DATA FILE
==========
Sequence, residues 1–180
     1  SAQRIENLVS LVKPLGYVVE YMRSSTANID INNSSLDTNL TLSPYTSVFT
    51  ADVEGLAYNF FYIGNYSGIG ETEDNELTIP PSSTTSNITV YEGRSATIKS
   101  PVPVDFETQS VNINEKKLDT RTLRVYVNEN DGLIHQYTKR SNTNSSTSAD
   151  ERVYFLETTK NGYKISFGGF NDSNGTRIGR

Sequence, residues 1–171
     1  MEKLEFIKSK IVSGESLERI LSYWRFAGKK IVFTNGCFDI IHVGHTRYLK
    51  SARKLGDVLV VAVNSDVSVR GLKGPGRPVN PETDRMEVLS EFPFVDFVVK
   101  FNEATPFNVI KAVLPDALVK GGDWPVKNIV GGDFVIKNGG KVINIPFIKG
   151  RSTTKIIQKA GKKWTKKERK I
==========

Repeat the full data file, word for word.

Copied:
Sequence, residues 1–180
     1  SAQRIENLVS LVKPLGYVVE YMRSSTANID INNSSLDTNL TLSPYTSVFT
    51  ADVEGLAYNF FYIGNYSGIG ETEDNELTIP PSSTTSNITV YEGRSATIKS
   101  PVPVDFETQS VNINEKKLDT RTLRVYVNEN DGLIHQYTKR SNTNSSTSAD
   151  ERVYFLETTK NGYKISFGGF NDSNGTRIGR

Sequence, residues 1–171
     1  MEKLEFIKSK IVSGESLERI LSYWRFAGKK IVFTNGCFDI IHVGHTRYLK
    51  SARKLGDVLV VAVNSDVSVR GLKGPGRPVN PETDRMEVLS EFPFVDFVVK
   101  FNEATPFNVI KAVLPDALVK GGDWPVKNIV GGDFVIKNGG KVINIPFIKG
   151  RSTTKIIQKA GKKWTKKERK I